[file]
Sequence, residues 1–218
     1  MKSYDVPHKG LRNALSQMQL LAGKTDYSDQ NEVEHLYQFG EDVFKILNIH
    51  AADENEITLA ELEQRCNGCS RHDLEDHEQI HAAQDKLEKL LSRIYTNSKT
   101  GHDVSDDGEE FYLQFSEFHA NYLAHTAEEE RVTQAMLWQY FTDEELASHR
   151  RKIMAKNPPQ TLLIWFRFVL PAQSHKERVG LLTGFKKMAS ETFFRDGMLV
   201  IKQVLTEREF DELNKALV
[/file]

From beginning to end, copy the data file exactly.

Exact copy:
Sequence, residues 1–218
     1  MKSYDVPHKG LRNALSQMQL LAGKTDYSDQ NEVEHLYQFG EDVFKILNIH
    51  AADENEITLA ELEQRCNGCS RHDLEDHEQI HAAQDKLEKL LSRIYTNSKT
   101  GHDVSDDGEE FYLQFSEFHA NYLAHTAEEE RVTQAMLWQY FTDEELASHR
   151  RKIMAKNPPQ TLLIWFRFVL PAQSHKERVG LLTGFKKMAS ETFFRDGMLV
   201  IKQVLTEREF DELNKALV